Most people hold on to this belief as most plants grow and thrive for the first year in the tilled plot. However, what most people miss in this process is that in exchange for the faster growth rate is the loss of important balance in the soil. In turn, this encourages erosions, kills beneficial nematodes and worms, unearth weed seeds, and puts all the plants in a lot of stress.
The root systems of plants are specialized as the top roots are absorbing the nutrients from the topsoil while the lower roots are bringing in minerals deep from the soil and act as the anchor against winds.
Plants will grow better with a more natural and carefully balanced soil ecosystem instead of exposing the roots to a compost-rich soil. You want to promote the plants’ ability to grow naturally.
how to build a no-dig raised garden bed
Building a no-dig garden bed is easy. Also, you can start building anywhere regardless if your garden soil is not ideal for planting. Just follow the steps below:
1. Pick the spot where you want to build the garden bed
When picking the location, just make sure that it gets a lot of sunlight and the surface is flat.
2. Prepare the materials for building the bed
Choose the material you want for your bed. Say, for example, you are choosing wood. The smallest size you can build is a 4×4 garden bed. Cut all the wood planks 4 ft in length and screw all the corners once done. This will create a small square garden bed.
3. Now after building the sides you can cover the ground with newspaper or cardboard.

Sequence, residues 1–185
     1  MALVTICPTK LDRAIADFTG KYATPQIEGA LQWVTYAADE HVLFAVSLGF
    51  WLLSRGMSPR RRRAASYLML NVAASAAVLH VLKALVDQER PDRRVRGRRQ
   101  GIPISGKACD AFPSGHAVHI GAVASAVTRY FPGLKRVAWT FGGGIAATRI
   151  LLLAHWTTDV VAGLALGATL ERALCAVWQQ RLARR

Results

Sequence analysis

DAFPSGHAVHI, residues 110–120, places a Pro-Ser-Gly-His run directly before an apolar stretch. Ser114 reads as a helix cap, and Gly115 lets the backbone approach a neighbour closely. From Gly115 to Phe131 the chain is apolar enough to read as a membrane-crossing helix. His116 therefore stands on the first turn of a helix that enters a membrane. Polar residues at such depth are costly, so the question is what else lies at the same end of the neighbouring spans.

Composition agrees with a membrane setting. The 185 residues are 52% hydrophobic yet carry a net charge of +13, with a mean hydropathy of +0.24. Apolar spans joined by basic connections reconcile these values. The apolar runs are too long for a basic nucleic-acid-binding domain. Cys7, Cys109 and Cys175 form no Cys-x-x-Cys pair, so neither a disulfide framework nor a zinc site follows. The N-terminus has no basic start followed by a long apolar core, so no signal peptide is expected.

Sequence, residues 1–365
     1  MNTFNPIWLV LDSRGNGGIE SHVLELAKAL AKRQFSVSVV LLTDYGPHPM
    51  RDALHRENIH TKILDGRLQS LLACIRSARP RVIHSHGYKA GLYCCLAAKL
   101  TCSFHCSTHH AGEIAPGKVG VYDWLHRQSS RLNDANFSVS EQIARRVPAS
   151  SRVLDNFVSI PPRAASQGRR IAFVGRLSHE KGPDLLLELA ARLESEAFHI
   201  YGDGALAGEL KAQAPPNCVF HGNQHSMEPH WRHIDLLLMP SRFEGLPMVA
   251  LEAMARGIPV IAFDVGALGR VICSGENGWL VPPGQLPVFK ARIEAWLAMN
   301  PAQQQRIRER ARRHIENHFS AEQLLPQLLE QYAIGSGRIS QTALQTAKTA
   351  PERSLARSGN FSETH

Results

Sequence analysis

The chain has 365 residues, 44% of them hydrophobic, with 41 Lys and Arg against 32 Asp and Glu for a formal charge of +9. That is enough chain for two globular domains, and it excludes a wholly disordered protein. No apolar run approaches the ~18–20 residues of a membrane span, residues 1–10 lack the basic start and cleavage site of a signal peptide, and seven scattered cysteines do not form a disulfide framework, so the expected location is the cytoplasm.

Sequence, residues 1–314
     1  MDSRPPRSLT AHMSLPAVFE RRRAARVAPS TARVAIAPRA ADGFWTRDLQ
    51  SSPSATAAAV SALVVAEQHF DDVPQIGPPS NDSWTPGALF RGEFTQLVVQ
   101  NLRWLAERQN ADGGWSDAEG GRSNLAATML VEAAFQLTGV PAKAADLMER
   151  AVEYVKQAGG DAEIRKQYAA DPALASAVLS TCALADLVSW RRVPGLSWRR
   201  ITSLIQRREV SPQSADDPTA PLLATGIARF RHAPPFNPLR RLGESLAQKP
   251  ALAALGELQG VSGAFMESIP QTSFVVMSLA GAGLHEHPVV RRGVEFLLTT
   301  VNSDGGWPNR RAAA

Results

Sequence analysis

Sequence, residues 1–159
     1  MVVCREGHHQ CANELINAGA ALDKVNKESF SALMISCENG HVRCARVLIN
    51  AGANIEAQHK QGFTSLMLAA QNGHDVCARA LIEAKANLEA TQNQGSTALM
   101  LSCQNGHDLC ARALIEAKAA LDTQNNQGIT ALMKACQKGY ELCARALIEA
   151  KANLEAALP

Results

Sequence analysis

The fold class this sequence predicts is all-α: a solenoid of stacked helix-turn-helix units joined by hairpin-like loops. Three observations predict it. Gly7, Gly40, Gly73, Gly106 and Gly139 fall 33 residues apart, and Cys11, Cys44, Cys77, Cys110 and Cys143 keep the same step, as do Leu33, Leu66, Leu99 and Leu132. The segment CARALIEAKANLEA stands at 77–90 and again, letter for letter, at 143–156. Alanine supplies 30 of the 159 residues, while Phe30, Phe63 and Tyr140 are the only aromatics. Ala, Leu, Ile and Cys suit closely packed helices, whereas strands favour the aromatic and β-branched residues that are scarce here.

This will kill the grass eventually and decompose with it.
4. Next is starting to fill the bed.
The first layer can be made of compost that is not completely decomposed. The least decomposed compost would usually have bits of wood chips and other organic materials in there and still a bit warm. You do not want this warmth to reach the roots of your plants, so it is best to be at the bottom layer. Level it before adding the next layers of compost.
Add in a layer of manure or your compost if you have any. You want this layer to have al the good nutrients for your plants. You want to fill it up and tamp it a bit to keep it compact. You should keep layering it with as much layer of compost on top of the least decomposed one as possible since it will start going down a bit after a couple of weeks.
As Charles Dowding said in one of his videos, you can stop at this layer if you want but what he did is he added a top layer of mushroom compost. You can always fill it up above the bed instead of filling it up again after a few weeks when the soil starts settling down.
5. Start planting
Since you already have a perfect blend of soil, there is no need to add fertilizers. You can now start planting. For your organic garden, you can plant any crops you want and ensure that it will all be healthy as the growing season comes.
Among the gardening methods used in these types of garden beds is square foot gardening. This method allows you to plant a variety of vegetables, herbs, and even flowers. Once done, you can put mulch or dried grass clippings on it to keep the soil moist.
perks of making a no-dig garden bed
There are a lot of perks from making a no-dig garden bed. These are the reasons why many are turning into the use of garden beds and incorporating the no-dig soil method as they prepare their gardens. Some of these perks are:
- You can set up the garden anywhere – over the lawn or concrete.
- They are easy to make.
- If your soil in the garden is not ideal for growing vegetables, you can create the right soil blend in a no-dig garden.
- These gardens are known to be very fertile. The decomposing organic matter in the gardens becomes rich, black compost quickly. It also attracts certain micro-organisms beneficial for your growing crops.
- Moisture retention is up to par in these gardens.
- Since the soil is not turned over, it discourages weed growth.
With these perks, you can start building a raised garden bed that is weed-free and can grow beautiful and productive crops. Get started now with your gardening adventures by trying this method. Good luck!